|Digital List Price:||$17.99|
|Print List Price:||$15.99|
Save $6.00 (38%)
The Other Side of the Sun: A Novel Kindle Edition
|New from||Used from|
Enter your mobile number or email address below and we'll send you a link to download the free Kindle App. Then you can start reading Kindle books on your smartphone, tablet, or computer - no Kindle device required.
To get the free app, enter your mobile phone number.
From the Publisher
L’Engle with her husband
L’Engle with her husband, actor Hugh Franklin, in 1946.*
L’Engle with her granddaughters Charlotte Jones Voiklis and Lena Roy
L’Engle with her granddaughters Charlotte Jones Voiklis and Lena Roy at the Cathedral Church of St. John the Divine, Cathedral Library, circa 1975.
L’Engle at a Manhattanville College commencement ceremony
L’Engle at a Manhattanville College commencement ceremony, where she received an honorary degree in 1989.*
About the Author
- ASIN : B06X9HQYWQ
- Publisher : Open Road Media; Reissue edition (May 2, 2017)
- Publication date : May 2, 2017
- Language : English
- File size : 4810 KB
- Text-to-Speech : Enabled
- Screen Reader : Supported
- Enhanced typesetting : Enabled
- X-Ray : Enabled
- Word Wise : Enabled
- Print length : 360 pages
- Lending : Enabled
- Best Sellers Rank: #228,953 in Kindle Store (See Top 100 in Kindle Store)
- Customer Reviews:
Top reviews from the United States
There was a problem filtering reviews right now. Please try again later.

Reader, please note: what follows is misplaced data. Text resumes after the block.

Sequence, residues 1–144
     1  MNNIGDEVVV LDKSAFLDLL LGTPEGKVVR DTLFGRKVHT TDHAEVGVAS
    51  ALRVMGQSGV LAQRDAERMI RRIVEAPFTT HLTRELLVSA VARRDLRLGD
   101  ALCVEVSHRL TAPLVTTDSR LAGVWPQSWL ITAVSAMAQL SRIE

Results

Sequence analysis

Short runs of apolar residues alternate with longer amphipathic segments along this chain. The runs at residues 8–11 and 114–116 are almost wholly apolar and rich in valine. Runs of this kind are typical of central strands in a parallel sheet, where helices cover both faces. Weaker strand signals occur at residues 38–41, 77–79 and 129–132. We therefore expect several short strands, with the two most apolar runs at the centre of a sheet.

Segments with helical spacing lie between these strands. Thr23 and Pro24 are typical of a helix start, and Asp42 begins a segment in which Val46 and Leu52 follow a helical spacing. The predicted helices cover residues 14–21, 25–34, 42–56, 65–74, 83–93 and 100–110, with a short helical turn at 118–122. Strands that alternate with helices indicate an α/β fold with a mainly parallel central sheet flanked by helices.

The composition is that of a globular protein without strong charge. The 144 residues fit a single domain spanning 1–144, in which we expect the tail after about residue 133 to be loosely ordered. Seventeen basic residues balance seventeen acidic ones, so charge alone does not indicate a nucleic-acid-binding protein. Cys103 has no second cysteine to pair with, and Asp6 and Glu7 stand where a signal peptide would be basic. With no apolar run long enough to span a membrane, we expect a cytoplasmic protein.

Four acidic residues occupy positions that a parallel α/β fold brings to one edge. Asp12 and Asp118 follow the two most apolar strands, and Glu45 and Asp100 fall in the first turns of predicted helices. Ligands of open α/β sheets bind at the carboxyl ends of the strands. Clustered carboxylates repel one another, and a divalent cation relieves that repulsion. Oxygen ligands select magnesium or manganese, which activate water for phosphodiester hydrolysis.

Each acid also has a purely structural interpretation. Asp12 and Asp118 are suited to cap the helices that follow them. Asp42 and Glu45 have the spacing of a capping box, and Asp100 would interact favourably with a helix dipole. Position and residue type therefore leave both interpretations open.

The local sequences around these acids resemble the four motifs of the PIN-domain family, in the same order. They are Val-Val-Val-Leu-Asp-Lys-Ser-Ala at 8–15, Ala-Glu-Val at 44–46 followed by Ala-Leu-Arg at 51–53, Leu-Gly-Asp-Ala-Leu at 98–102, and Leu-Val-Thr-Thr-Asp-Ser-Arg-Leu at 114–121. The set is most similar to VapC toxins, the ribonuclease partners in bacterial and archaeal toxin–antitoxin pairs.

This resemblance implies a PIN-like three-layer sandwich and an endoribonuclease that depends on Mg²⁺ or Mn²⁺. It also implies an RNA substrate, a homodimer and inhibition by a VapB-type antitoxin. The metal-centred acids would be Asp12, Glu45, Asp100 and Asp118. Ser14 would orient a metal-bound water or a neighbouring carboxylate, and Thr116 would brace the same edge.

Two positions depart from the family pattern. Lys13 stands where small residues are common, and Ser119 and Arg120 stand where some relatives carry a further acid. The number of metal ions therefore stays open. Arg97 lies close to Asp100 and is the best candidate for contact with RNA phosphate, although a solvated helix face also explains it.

This story has stayed with me as I go over in my mind the characters and the parts they played. It's a story of race and culture, and how outsiders can try to change things from the inside, but not completely. It is full of unexpected consequences for the things people do when they are trying to do good.
At first when I read this book I wasn't sure that I liked it. It's an historical fiction set in post civil war Florida. I felt like I was there in the middle of summer. The people living in the scrub, the humid summer air, the sulfur water, and the beach. It reminded me of my grandparents house in southern Florida before the town grew.
There is some violence. A lot of hate, plot twists, and some surprise villains. The author did make some of the characters seem stereotypical like the southern lady aunts and Honoria and Clive acting as sergeants. I think she did that so you could feel the mindset of that time in history. If you can get past that the story was pretty good. Don't forget, like most stories by this author, it does have several battles against good and evil.
I enjoyed this story more than I thought and was pleasantly surprised by it.
This was fascinating but not an easy book to read. It reminds us of how much pain and Evil are in the world and can be in the hearts of men and women above all areas, races and religions. But it also reminds us of how great a healer love always is..
I give this book 2 stars because it does have merit in its efforts to portray the horrors of the Jim Crow era, to push the reader to look at America from another country's perspective. Jim Crow horrors tend to get overlooked and minimized by the term "Slavery". Slavery is a historical fact to me, but was long before I was born, my parents, grandparents or even great grandparents were not even born before slavery officially ended. In contrast, Jim Crow attitudes incorporated very real memories from my northern childhood and events that I was aware of by watching television. Jim Crow atrocities continue even today and have grown to include actions toward the LBGQ community. Writers who push us to examine how the US still struggles with these widely held attitudes contributes to the greater good of society.
That said, this author was not able to write an effective novel about her subject matter. Her characters were not well developed, the plot was predictable, and the outcome obvious early on. She relied on stereotypes set within a Gothic novel format. Overall it was simply too contrived.